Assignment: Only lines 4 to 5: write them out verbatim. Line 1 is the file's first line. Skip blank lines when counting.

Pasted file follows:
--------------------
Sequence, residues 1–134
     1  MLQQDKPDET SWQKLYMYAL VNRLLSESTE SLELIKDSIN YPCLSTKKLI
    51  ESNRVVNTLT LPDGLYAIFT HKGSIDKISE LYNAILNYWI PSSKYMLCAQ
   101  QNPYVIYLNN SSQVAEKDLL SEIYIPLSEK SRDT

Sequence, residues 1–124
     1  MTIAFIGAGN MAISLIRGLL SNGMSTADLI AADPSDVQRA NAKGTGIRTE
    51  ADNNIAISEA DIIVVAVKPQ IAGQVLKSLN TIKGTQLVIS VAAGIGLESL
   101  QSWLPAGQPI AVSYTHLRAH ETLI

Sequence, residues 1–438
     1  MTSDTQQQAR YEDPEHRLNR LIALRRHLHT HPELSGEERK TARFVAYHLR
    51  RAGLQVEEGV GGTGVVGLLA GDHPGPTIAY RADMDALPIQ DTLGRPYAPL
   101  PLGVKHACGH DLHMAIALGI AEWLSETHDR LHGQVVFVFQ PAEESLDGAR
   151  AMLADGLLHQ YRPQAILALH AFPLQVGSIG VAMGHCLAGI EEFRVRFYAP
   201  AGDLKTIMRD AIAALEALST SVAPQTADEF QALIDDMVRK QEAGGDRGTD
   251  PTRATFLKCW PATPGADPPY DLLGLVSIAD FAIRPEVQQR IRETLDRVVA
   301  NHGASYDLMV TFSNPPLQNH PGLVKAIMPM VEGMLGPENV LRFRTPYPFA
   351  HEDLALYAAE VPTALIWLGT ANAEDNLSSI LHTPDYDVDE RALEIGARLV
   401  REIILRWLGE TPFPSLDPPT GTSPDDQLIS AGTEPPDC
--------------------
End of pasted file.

   101  QNPYVIYLNN SSQVAEKDLL SEIYIPLSEK SRDT

Sequence, residues 1–124